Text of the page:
At the time I was definitely eating a less than stellar diet. So I set out revamping my bad habits. Gone went the soda, processed foods, most sugar and anything that came in a box. I thought I was drinking enough water but as a busy mom perhaps there was a chance I wasn’t drinking as much as I thought, so I made a conscious effort to do so. I ignored the ‘calcium advice’ because even before the days of Google after a little research I discovered that advice was on it’s way out. I wasn’t eating a lot of leafy greens back then so I didn’t give that one much thought (oops) and as far as avoiding chocolate…well screw forget that! I hate to say it but I ignored that advice, because frankly, I am an addict.

The good news is everyone in my family benefitted from the dietary changes we made! My husband and I lost weight, the whole family got healthier and my children broadened their food horizons. I stayed vigilant as the odds of avoiding a recurrence were quite definitely not in my favor. The bad news is a whopping 80% of kidney stone sufferers have a recurrence and the younger you are when you get your first stone the more recurrences you are likely to have (insert poop emoji here) . The good news is all was well for nineteen years. Nineteen years!!! I thought I was one of the lucky few to escape. The bad news is, I was wrong. The bad news is that ‘bad habits’ are not the only thing that can cause an imbalance leading to health problems….the bad news is sometimes too much of a ‘good’ thing can too.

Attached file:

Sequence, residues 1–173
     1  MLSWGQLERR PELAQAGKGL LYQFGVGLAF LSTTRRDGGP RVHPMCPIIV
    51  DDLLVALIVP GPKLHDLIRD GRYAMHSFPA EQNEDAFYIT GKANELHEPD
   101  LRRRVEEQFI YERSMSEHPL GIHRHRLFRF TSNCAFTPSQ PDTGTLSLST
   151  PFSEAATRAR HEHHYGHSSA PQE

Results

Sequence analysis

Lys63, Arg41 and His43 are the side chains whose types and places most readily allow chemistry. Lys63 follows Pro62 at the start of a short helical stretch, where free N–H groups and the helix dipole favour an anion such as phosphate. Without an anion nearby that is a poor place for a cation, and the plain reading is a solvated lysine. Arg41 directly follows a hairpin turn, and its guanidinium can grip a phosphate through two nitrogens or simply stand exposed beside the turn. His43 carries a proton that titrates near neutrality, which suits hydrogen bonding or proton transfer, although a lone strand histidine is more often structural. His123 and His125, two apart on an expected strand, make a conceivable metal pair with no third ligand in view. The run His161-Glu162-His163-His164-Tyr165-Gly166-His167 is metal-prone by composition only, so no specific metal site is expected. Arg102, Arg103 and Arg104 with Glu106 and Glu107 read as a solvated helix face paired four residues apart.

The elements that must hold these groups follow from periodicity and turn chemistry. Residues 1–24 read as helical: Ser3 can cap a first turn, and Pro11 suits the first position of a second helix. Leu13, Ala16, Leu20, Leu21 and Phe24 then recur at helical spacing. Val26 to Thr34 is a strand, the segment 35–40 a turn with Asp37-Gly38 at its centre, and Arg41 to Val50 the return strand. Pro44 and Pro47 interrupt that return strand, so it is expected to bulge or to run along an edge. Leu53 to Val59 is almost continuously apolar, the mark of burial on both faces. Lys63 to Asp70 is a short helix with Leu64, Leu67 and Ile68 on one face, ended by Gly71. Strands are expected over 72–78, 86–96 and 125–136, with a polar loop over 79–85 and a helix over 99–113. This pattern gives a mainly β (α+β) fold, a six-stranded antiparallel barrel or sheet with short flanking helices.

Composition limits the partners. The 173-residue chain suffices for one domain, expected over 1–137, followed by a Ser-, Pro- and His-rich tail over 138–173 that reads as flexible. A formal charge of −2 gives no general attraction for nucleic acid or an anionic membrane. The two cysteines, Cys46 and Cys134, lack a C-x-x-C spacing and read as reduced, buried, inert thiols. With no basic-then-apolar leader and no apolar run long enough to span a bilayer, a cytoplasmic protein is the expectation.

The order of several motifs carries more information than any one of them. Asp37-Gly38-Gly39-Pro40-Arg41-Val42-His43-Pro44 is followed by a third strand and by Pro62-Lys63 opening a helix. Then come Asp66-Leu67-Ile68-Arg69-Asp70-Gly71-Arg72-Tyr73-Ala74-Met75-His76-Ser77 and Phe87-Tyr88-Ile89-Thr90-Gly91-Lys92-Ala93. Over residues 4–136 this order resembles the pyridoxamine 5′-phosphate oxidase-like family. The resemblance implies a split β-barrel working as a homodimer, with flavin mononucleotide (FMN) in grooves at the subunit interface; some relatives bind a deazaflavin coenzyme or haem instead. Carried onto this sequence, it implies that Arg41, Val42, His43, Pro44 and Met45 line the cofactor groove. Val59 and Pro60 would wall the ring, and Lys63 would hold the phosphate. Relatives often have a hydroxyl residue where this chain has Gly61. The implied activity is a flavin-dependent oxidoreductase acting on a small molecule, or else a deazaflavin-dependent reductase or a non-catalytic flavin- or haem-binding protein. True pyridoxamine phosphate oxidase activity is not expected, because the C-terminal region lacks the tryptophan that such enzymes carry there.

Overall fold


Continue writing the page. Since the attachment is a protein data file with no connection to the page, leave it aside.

Ouch! The Return of the Dreaded Stones

On Thanksgiving weekend (2015) while on vacation, symptoms that were awfully familiar began. I was filled with dread. I had a pretty good idea what was going on and after a trip to the emergency room and a CT scan upon returning home,  it was confirmed: two stones, both too big to pass. I was pretty disheartened. After whining and sulking for a while I pulled up my big girl pants and got to work.

What’s New in The World Of Kidney Stones?